These mythological links exist throughout the work which is interesting because if one reads the poetic and literary responses to the Battle of Crete emanating from the Greek world, references to mythology are few and far between. These works will be in dialogue with the Holocaust of Arkadi, they will reference the continuous and bloody battles for Cretan independence, which as we know came quite late, but they are distinctly light on mythology. It could be argued that the poet’s heavy drawing on Greek mythology reflects a uniquely Australian, or Greek-Australian approach to the Battle of Crete. We know that Greek mythology forms an important component of Western culture and that it is via the complex process of western appropriation of elements of Greek classical culture that support was given for Greece’s aspirations of emancipation and statehood. In the diaspora, the process by which Greek culture is appreciated by the West is also subconsciously absorbed and replicated, replacing other traditional perspectives, or critiqued by, or otherwise informs the writing of Greek Australians.
Manifestly, the poet is very conscious of this process. Evidently, the poet is very conscious of the fact that the event she is trying to commemorate involved not only Cretans in the narrow sense, but also Australians, British and New Zealaders and we can thus conclude that in making use of symbolism derived from Greek mythology, she is consciously endeavouring to find and to utilise a common vocabulary that can be employed as a means of inclusion within her discourse,  reflecting an immensely generous vision.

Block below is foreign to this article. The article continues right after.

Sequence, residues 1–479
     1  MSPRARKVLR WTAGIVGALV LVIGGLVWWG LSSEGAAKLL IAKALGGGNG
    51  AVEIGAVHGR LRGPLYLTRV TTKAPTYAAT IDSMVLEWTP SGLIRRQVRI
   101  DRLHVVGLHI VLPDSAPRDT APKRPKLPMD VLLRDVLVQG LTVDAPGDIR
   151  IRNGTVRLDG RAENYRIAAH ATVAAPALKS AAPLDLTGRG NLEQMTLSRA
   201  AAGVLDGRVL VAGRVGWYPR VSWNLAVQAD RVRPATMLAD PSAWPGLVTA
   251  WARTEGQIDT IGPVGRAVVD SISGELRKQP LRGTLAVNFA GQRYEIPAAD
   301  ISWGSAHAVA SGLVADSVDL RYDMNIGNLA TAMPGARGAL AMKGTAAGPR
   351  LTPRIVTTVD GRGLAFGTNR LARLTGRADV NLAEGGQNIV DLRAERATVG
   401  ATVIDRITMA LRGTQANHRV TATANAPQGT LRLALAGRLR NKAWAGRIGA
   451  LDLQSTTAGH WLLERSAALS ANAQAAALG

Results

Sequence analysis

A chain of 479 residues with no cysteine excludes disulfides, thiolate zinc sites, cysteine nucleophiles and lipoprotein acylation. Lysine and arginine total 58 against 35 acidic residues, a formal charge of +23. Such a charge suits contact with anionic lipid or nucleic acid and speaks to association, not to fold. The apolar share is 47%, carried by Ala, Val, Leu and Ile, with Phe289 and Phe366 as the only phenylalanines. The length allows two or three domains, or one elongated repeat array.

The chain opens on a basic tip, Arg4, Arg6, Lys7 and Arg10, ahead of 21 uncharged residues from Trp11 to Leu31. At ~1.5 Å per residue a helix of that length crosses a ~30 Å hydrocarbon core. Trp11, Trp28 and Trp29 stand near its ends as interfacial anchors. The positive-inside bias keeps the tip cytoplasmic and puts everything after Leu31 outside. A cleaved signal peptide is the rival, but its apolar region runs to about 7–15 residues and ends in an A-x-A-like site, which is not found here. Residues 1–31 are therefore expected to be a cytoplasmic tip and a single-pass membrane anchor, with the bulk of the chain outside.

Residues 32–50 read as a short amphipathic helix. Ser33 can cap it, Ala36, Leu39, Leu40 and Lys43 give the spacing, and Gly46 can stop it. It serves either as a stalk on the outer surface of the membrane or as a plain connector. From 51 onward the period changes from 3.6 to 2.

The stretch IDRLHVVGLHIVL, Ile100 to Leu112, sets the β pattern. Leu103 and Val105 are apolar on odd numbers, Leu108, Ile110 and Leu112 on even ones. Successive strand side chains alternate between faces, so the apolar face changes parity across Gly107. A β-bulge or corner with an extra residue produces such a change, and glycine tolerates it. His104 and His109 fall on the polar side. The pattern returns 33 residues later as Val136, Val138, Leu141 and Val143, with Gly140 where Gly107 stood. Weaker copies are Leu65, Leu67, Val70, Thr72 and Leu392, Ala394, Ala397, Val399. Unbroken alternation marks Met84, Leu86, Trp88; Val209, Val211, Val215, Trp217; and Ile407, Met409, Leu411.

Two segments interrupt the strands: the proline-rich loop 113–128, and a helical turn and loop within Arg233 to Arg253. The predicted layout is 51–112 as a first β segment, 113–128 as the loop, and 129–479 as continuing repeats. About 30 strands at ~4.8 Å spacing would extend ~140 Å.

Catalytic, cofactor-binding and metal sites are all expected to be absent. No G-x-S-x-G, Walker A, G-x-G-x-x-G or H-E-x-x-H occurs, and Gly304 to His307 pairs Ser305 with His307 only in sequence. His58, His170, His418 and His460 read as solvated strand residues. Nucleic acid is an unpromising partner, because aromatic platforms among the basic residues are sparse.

Thus, Daedalus makes his  appearance in “Daedalus Wept” where the poet contrasts the “long walk down the gangway,” with the tortuous twists and turns of the great inventor’s labyrinth, fraught with danger at every turn, a fitting metaphor for war if there ever was one, but hinting always at the possibility of escape and liberation. Daedalus, of course, the legendary inventor of man-made fight, would have sufficient cause to regret his decision in the light of the Nazi airborne invasion of Crete.
In the poem “In Iraklio,” recourse to mythology is made in order to examine the futility of war and the hubris which characterises those who deign to wage it as aggressors: “As antiquity joins the din….. How many times must Icarus die?” Like the hapless hero of Greek mythology, when the warnings of the wise are not heeded,  tragedy will ensue again and again. Thus the mythologic motif allows the reader to regard the Battle of Crete in a broader anthropological context. The poem is also interesting in the manner in which some of its terms can have different connotations in Greek rather than English. Her use of the term of the “Bull’s eye,” for example, is masterfully ambiguous since we can choose to interpret this as a target or rather as the gaze of the Minotaur, a symbol of the horror of war in popular culture, as evidenced in such paintings as Picasso’s Guernica, also has the same effect, whereas in Greek it also connotes a type of stone.